Twitter is a human seismograph and it represents a transformative channel where everyday people possess the ability to affect actions. The cloud of collective consciousness that houses our thoughts, experiences, and conversations is also a data trove for experts to measure and mine serendipitous and organized behavior and events.
On Monday, I received a short and simple message from the Twitter team, “You are invited to attend a special event at Twitter HQ tomorrow afternoon, RSVP Yes or No.”
I had just finalized my travel from San Francisco to New York and thought for a moment, that it might be worth reconsidering. The message could only mean one thing, Twitter was going to announce something new and given that they don’t usually host live conferences for just any new feature, it would carry a level of importance that would see the likes of tech’s top press and industry leaders in attendance.
It’s said that opposites attract. However, in social media, it’s quite the opposite. The idea of privacy and publicity are in fact at odds with one another. And at the heart of the matter, one social network is caught in the crossfire of sharing information and TMI (too much information). The line that separates privacy and openness remains undefined as it continues to shift as individuals learn important life lessons about the benefits and risks of living in public.
In the next installment of discussions exploring the state and future of social media, Chris Beck, founder of 26dottwo (@26dottwo) and I review how relationships online are evolving from social networks to social “nicheworks” or contextual networks.
The competition for attention is focused on social networks as brands vie for awareness and consideration. Establishing a presence in Facebook and Twitter is as necessary as it is trivial. In the great social land grab, many organizations are missing true opportunities to connect with the fifth P of the marketing mix, people. It’s less about communicating with those individuals who are already following you online and more about those who aren’t.
It’s no longer a matter of answering the micro riddle, “to tweet or not to tweet.” Twitter helps you simply Tweet everything that moves you. While this capability has existed through third-party services over the years, Twitter is rolling out a dedicated function to harness the power of the “interest graphs” that you weave.
In social media, influence has taken center stage. With the spotlight perfectly fixed on the “me” in social media, a large shadow is now cast over the “we” that defines the social web. As individuals begin to realize the possibilities and benefits that surface as a result of building connected social graphs, a very public exploration to find the balance between influence and popularity unfolds.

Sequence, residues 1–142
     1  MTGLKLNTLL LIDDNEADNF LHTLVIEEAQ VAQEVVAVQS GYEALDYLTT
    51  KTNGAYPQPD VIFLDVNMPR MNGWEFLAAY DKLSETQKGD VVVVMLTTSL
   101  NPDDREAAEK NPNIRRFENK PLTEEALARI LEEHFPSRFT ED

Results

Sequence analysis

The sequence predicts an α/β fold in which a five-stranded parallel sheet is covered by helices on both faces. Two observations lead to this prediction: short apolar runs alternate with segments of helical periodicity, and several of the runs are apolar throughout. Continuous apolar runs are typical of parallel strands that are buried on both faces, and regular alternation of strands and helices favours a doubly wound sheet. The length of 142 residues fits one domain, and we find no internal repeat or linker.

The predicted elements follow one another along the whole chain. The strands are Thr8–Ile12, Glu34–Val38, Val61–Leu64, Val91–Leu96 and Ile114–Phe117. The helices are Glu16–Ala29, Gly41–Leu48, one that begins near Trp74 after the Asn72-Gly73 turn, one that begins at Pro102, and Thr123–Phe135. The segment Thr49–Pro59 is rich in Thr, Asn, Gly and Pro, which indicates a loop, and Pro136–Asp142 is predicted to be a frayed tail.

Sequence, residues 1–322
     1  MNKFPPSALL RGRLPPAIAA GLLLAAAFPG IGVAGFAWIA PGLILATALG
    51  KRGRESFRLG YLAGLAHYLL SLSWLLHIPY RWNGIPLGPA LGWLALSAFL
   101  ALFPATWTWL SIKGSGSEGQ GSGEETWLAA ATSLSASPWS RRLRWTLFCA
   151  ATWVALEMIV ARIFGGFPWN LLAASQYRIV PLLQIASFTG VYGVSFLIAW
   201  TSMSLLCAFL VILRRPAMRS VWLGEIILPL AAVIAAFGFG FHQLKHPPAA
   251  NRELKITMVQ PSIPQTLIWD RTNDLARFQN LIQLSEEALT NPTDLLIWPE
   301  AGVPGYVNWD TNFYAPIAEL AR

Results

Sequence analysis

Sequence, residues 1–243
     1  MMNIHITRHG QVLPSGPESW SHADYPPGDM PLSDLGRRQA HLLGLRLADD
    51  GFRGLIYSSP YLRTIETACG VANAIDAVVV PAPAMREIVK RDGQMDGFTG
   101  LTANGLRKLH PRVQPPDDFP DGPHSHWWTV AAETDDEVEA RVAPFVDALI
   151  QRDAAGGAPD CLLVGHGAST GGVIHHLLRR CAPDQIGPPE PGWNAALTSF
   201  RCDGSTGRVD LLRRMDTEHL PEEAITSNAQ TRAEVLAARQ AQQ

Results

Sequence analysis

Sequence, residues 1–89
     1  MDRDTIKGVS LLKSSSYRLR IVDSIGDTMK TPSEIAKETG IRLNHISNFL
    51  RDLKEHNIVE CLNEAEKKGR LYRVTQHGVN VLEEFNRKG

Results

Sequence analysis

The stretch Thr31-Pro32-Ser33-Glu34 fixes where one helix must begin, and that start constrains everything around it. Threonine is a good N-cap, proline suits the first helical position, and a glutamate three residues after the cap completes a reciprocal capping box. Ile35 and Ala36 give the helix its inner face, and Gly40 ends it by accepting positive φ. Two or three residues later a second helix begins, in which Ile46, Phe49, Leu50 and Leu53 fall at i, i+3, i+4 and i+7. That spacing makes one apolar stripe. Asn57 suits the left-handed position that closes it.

Influence is a controversial topic and its measurement and definition are increasingly scrutinized as social media democratizes one’s ability to earn stature and prominence in new online societies. There’s a clear delineation between influence and popularity and it’s important to understand that in social networks, influence is not derived by the quantity of followers, friends, clicks, or “likes.” Nor is it discernible by the frequency of which one participates in their respective communities. While these serve as indicators of influence, they are not necessarily constant factors in its quantification.
Email, we love to hate it, yet we hate to love it. For better or for worse, we are tethered to our inbox and continue to send messages and respond to those individuals and organizations to which we’re tied or vested. Over the years, I’ve labeled email as the world’s largest untapped social network and even though manyservices attempted to socialize the inbox over the years, email, for the large part, remains regressive.
Brian Solis is a digital analyst, anthropologist, and also a futurist. In his work at Altimeter Group, Solis studies the effects of disruptive technology on business and society. He is an avid keynote speaker and award-winning author who is globally recognized as one of the most prominent thought leaders in digital transformation.
His most recent book, What's the Future of Business: Changing the Way Businesses Create Experiences (WTF), explores the landscape of connected consumerism and how business and customer relationships unfold in four distinct moments of truth. His previous book, The End of Business as Usual, explores the emergence of Generation-C, a new generation of customers and employees and how businesses must adapt to reach them. In 2009, Solis released Engage, which is regarded as the industry reference guide for businesses to market, sell and service in the social web.